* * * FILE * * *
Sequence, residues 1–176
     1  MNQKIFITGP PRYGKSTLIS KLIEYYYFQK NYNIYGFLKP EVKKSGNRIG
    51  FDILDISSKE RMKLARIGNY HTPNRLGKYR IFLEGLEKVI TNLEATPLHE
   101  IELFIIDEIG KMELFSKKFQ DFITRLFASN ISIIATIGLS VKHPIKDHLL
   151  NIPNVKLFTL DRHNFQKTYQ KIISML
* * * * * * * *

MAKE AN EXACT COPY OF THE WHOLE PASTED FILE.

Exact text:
Sequence, residues 1–176
     1  MNQKIFITGP PRYGKSTLIS KLIEYYYFQK NYNIYGFLKP EVKKSGNRIG
    51  FDILDISSKE RMKLARIGNY HTPNRLGKYR IFLEGLEKVI TNLEATPLHE
   101  IELFIIDEIG KMELFSKKFQ DFITRLFASN ISIIATIGLS VKHPIKDHLL
   151  NIPNVKLFTL DRHNFQKTYQ KIISML